sexual selection

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sexual selection

n. Biology
The process in nature by which individuals with certain traits, especially secondary sex characteristics such as colorful plumage and large antlers, are chosen more often for mating and thus pass those traits on to their offspring.

sexual selection

n
(Zoology) an evolutionary process in animals, in which selection by females of males with certain characters, such as large antlers or bright plumage, results in the preservation of these characters in the species

sex′ual selec′tion


n.
the Darwinian theory that the selection of mates is based on attractive features, as coloration or song in birds.
References in periodicals archive ?
That men are assumed to be inherently more competitive and risk-taking than women follows from an old theory of sexual selection in evolutionary psychology.
Anomalies like the peacock's tail led Darwin to propose the theory of sexual selection: some traits evolve because they carry a reproductive advantage.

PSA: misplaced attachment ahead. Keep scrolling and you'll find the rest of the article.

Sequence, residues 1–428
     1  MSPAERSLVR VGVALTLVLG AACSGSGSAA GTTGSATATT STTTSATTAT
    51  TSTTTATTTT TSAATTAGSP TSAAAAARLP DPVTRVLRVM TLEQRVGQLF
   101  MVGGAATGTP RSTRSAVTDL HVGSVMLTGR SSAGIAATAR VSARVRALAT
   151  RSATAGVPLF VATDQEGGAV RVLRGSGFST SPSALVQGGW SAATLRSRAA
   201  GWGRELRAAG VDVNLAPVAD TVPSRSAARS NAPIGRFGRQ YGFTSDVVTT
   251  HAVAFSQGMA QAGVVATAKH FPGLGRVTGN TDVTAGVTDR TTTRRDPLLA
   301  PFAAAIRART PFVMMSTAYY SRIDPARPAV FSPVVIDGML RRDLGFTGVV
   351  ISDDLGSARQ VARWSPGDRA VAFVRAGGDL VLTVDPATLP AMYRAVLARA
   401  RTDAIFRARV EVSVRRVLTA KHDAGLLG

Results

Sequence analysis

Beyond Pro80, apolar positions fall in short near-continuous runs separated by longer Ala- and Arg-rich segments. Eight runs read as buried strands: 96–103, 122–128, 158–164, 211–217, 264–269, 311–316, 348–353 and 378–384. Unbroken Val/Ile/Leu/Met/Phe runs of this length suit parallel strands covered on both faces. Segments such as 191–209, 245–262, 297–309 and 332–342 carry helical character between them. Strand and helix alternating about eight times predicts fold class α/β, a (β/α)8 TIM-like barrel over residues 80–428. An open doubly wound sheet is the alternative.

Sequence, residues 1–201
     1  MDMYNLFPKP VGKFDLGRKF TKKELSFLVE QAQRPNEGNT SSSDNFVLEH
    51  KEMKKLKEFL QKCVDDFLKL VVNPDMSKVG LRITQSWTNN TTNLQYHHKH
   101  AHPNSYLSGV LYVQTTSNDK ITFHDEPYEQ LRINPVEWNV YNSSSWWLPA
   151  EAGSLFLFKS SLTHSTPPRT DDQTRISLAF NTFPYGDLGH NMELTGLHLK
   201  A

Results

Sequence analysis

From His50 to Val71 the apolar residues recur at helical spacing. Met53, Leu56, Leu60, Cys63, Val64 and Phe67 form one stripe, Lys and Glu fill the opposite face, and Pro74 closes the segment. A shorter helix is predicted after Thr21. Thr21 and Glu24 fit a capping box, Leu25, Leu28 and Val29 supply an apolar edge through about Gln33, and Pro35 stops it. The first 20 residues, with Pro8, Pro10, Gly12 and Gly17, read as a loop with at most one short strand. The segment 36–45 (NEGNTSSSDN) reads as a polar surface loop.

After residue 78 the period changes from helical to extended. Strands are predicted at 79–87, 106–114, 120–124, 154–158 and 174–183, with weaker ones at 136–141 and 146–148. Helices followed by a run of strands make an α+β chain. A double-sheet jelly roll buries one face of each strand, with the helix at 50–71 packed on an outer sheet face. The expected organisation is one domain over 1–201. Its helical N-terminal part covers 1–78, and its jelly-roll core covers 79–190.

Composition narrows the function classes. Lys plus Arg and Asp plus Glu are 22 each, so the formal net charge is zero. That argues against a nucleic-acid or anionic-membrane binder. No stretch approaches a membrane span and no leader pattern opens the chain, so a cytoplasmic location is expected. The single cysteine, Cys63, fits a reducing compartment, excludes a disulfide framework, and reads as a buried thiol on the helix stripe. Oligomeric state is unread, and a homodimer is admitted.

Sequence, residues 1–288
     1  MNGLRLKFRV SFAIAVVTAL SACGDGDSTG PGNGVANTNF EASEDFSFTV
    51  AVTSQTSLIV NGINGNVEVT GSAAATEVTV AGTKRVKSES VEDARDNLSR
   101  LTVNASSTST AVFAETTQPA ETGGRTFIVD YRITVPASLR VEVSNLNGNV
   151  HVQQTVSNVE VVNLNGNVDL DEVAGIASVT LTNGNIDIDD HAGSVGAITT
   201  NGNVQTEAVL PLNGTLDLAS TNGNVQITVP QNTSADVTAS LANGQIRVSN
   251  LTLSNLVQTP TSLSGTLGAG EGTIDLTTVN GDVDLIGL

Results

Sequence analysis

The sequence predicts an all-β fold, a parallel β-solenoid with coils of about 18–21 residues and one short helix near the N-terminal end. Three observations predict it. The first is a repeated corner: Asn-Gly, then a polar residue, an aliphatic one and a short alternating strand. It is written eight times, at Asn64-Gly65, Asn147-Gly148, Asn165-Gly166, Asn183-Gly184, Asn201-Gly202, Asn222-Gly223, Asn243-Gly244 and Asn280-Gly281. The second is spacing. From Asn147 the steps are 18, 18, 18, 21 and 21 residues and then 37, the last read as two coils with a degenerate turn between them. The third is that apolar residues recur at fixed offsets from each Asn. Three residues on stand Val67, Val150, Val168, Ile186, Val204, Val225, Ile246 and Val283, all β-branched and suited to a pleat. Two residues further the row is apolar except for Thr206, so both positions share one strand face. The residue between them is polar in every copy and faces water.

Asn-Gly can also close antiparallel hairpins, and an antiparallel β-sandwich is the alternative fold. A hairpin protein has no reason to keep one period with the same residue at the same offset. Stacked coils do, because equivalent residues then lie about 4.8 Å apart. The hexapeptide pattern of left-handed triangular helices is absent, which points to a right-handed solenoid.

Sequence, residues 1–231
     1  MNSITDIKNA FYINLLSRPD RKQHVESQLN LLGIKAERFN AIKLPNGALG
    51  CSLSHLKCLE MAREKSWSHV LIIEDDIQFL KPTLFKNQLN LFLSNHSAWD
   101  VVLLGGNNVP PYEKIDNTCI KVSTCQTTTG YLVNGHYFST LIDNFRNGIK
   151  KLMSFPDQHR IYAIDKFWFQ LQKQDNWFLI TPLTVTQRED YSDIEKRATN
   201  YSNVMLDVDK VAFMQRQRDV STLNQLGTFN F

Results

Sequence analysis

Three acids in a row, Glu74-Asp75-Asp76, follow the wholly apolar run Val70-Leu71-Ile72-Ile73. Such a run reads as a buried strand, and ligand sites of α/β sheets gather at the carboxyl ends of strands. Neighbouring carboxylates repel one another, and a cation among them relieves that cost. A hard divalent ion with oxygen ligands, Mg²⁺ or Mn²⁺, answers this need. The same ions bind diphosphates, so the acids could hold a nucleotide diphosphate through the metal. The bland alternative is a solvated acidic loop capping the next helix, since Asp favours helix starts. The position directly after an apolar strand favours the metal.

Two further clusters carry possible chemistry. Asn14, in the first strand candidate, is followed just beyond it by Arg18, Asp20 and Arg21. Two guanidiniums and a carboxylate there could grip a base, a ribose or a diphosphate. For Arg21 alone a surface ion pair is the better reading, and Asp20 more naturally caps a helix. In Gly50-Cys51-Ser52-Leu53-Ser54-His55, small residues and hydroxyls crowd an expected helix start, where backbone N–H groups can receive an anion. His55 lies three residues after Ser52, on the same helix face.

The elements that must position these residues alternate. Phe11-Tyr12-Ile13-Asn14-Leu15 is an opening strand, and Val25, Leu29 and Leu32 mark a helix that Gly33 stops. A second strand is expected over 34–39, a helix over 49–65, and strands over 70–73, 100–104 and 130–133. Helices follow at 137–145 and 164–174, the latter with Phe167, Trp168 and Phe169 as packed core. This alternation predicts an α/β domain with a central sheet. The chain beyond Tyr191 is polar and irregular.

Joan Roughgarden's re-configuration of the theory of sexual selection provides one significant example (Roughgarden, 2009).
Rather, she was identifying a natural convergence between Darwin's theory of sexual selection and her own views on gender.
The finding adds an unexpected twist to Charles Darwin's theory of sexual selection.
Female choice of mates has been a hotly contested topic since Darwin presented his theory of sexual selection after his theory of natural selection.
Charles Darwin proposes his theory of sexual selection, arguing that members of each sex within a species compete for resources and display traits most valued by mate-seeking members of the opposite sex.
Consideration of Darwin's (1871) theory of sexual selection leads to the generation of a list of predictive characteristics for SSEPs (Miller 1999; Snowdon 2004).
All of this is perfectly consilient with Darwin's theory of sexual selection, and indeed closely related themes can be found in the writings of Coetzee's contemporaries or near contemporaries--Philip Roth, Saul Bellow, V.S.
You take a different approach to Darwinism and specifically to his theory of sexual selection, which you have challenged.
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